- Responding to the divorce petition – the spouse who receives service of process is referred to as the respondent. The respondent must file a response with the court. Agreeing with the divorce petition sets the stage for an uncontested divorce, while disagreeing (or refusing to respond at all) leads to a contested divorce with negotiations, hearings, and possibly a trial.
- Disclosing information to the court – both parties will need to disclose pertinent information to the court, including incomes, expenses, assets, and liabilities.
- Negotiations and hearings – in uncontested divorce cases, there’s no need for negotiations or hearings when both parties are in agreement. With a little bit of extra paperwork, the divorce should be finalized soon. In contested divorce cases, there may be court hearings, private negotiations, and mediation sessions. In rare cases, a trial may be necessary.
- Final divorce decree – the divorce is finalized when the court issues a final divorce decree. If the couple has children, the court will also need to issue a child support decree.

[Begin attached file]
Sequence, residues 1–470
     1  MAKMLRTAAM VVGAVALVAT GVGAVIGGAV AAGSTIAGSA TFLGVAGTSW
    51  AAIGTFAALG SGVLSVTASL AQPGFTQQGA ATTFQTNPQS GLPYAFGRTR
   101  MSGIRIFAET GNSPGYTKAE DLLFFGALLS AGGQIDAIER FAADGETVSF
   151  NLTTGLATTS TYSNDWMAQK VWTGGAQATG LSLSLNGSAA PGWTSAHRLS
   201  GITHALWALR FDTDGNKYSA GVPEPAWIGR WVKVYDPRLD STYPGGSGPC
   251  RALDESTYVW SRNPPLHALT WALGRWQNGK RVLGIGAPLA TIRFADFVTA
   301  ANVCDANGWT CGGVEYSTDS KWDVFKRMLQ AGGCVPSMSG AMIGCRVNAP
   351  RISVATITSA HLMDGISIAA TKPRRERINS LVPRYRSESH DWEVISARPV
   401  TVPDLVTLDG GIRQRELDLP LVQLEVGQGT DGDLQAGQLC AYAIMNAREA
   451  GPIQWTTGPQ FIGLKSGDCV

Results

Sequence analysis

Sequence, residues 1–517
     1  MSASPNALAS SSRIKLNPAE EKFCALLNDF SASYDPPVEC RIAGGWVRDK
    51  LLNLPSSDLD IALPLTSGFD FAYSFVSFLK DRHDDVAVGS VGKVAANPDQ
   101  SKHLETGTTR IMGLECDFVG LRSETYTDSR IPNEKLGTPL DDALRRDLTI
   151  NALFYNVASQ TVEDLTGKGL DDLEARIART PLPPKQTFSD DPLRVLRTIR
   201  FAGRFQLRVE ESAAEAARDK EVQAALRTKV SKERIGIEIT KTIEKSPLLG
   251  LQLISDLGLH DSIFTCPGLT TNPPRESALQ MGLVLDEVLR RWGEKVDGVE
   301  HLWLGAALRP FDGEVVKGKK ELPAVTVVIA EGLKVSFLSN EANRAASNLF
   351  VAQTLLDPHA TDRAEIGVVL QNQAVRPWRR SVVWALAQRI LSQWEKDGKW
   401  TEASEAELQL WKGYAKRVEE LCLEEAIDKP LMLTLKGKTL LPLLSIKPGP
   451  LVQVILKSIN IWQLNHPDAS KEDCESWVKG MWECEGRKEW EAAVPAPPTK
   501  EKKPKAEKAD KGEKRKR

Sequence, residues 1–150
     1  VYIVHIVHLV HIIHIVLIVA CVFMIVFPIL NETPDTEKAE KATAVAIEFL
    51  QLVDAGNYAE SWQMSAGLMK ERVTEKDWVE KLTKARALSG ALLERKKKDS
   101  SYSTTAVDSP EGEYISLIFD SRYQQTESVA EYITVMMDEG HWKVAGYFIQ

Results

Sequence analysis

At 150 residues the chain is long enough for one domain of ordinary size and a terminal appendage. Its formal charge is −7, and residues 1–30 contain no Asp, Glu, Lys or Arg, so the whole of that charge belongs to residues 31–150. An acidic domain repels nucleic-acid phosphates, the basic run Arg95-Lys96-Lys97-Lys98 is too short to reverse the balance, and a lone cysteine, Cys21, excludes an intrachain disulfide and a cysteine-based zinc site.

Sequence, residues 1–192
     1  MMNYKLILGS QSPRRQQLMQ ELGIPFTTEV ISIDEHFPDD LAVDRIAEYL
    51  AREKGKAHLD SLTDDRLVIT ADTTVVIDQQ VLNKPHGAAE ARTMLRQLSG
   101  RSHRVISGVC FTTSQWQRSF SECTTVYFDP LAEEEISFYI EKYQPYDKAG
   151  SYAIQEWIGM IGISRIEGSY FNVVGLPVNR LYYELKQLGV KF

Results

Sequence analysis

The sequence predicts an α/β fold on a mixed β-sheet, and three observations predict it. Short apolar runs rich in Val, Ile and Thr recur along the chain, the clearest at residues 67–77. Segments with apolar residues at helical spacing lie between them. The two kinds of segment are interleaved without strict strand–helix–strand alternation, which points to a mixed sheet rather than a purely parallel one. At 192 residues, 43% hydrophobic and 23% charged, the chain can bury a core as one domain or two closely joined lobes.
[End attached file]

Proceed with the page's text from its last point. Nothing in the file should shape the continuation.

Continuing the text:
Keep in mind that Arizona imposes a 60-day mandatory waiting period for divorce cases, with the clock starting the day you serve notice of divorce. If the court issues your divorce decree before the waiting period expires, the order technically doesn’t take effect until the conclusion of the waiting period. In Arizona, you’re not officially divorced until you have a divorce decree in hand and the waiting period has fully expired.
What is an Uncontested Divorce in Arizona?
In an uncontested divorce, both spouses agree on all of the important issues pertaining to the divorce. This is the preferred method for filing for a dissolution of marriage, as there’s no need for court hearings, legal posturing, or negotiations. The process is significantly faster, less stressful, and most importantly, less expensive.
To qualify for an uncontested divorce in Arizona, both parties must be Arizona residents for at least 90 days before filing for dissolution of marriage. You must be in agreement on division of property and debt, alimony, and child support and custody when children are in the picture.